Written Testimony of Catherine Glenn Foster, M.A., J.D. President & CEO, Americans United for Life. In Support of HB 23-1119
Submitted to the House Committee on Health & Insurance

Dear Chair Daugherty and Members of the Committee:

I serve as President & CEO of Americans United for Life (AUL), America’s original and most active pro-life legal advocacy organization. Founded in 1971, two years before the Supreme Court’s decision in Roe v. Wade, AUL has dedicated over 50 years to advocating for comprehensive legal protections for human life from fertilization to natural death. AUL attorneys are highly regarded experts on the Constitution and legal issues touching on abortion and are often consulted on various bills, amendments, and ongoing litigation across the country. For five decades, AUL’s staff, supporters, and partners have worked tirelessly to advance the human right to life in culture, law, and policy. I appreciate the opportunity to submit legal testimony concerning HB 23-1119, a bill to abolish abortion in Colorado.

The Bill Properly Furthers a Legitimate State Interest in Protecting Human Lives

For many years, abortion has been marketed as healthcare, even touted as essential medical treatment. Yet that could not be farther from the truth. Abortion exploits women and kills innocent preborn life. From conception, the preborn human being has a unique and complete genetic composition derived from both the mother and the father. As early as five (5) weeks’ gestation, the preborn human being’s heart begins beating. The preborn human being begins to move about in the womb at approximately eight (8) weeks’ gestation.

Not only does abortion destroy a preborn child, it is also a devastating practice for women. Women become more isolated through abortion. Elective abortion does not improve the mother’s physical or mental health, nor heal her in any capacity. As scholarship recognizes, “both sides agree that (a) abortion is consistently associated with elevated rates of mental illness compared to women without a history of abortion; (b) the abortion experience directly contributes to mental health problems for at least some women.”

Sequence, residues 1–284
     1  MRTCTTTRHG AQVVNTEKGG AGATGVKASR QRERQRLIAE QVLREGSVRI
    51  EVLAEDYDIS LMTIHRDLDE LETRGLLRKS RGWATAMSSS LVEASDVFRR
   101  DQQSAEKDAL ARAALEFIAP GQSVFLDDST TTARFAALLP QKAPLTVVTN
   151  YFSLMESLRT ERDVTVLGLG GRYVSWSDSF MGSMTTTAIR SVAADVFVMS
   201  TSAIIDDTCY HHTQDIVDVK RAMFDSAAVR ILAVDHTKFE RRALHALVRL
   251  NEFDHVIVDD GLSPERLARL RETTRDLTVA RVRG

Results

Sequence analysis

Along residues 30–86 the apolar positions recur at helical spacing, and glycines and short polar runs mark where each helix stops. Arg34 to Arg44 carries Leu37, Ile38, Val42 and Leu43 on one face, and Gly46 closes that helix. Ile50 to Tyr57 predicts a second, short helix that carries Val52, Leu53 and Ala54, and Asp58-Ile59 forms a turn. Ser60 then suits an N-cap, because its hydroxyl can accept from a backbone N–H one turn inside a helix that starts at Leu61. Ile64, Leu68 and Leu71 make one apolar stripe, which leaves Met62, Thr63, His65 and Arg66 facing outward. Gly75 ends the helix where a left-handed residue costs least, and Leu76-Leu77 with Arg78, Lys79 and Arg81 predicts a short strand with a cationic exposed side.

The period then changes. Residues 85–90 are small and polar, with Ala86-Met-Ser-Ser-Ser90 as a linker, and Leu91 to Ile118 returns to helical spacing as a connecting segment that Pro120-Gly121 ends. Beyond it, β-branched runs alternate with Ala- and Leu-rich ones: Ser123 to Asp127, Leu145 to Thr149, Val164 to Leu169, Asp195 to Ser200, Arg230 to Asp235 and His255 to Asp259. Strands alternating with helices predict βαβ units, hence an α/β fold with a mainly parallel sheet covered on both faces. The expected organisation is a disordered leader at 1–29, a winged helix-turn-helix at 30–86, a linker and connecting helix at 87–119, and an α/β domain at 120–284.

Due to its destructive effects on families, mothers, and children, abortion has distorted the medical profession’s societal role as healers. The Hippocratic Oath is known as one of the most important steps in becoming a doctor, promising primum non nocere or “to do no harm.” In 2020, harm abounded through over 930,000 reported abortions in the United States.

Simultaneously, fetal medicine in the modern age has drastically developed since the Supreme Court handed down Roe v. Wade in 1973. Ultrasonography visibly shows the development and humanity of the unborn child. Fetal medicine has become a technologically advanced specialty, empowering doctors to perform surgery on the unborn child in utero. For example, prenatal surgery is available for pulmonary hypoplasia. This condition is a life-threatening disorder that occurs when an infant’s underdeveloped lungs cannot breathe on their own. Surgical techniques allow for early intervention, promoting lung development so that the preborn child is born with full breathing capabilities. Women and preborn children have more options than ever before for a healthy delivery.

When the Supreme Court handed down Dobbs v. Jackson Women’s Health Organization, there was renewed hope that abortion violence could be eradicated. As the Court recognized, “[t]he Constitution makes no reference to abortion, and no such right is implicitly protected by any constitutional provision.” Accordingly, the Supreme Court held, “[i]t is time to heed the Constitution and return the issue of abortion to the people’s elected representatives.” The Court further recognized States may abolish abortion to further legitimate governmental interests, which “include respect for and preservation of prenatal life at all stages of development . . . the protection of maternal health and safety; the elimination of particularly gruesome or barbaric medical procedures; [and] the preservation of the integrity of the medical profession . . . .”

Colorado certainly has an interest in protecting human life from the moment that life comes into existence until natural death.

The Bill Clearly Treats All Life, Including Human Beings in the Womb, With Dignity

HB 23-1119 ensures that a unique genetic individual in the womb is treated with dignity for who they are, a human being, by reversing the tragedy of current Colorado law.

Current Colorado law has no limits on the abortions it allows. This goes well beyond even the allowance in the recently overturned Roe decision. In Roe, the Supreme Court at least recognized that “a State may properly assert important interests in safeguarding health, in maintaining medical standards, and in protecting potential life.” The language of HB 23-1119 explicitly removes this important role of the State, prohibiting restrictions by preventing any law that “denies or interferes with … their fundamental right to choose to have an abortion.” In so doing, abortion is effectively on-demand at any point in the pregnancy up until birth.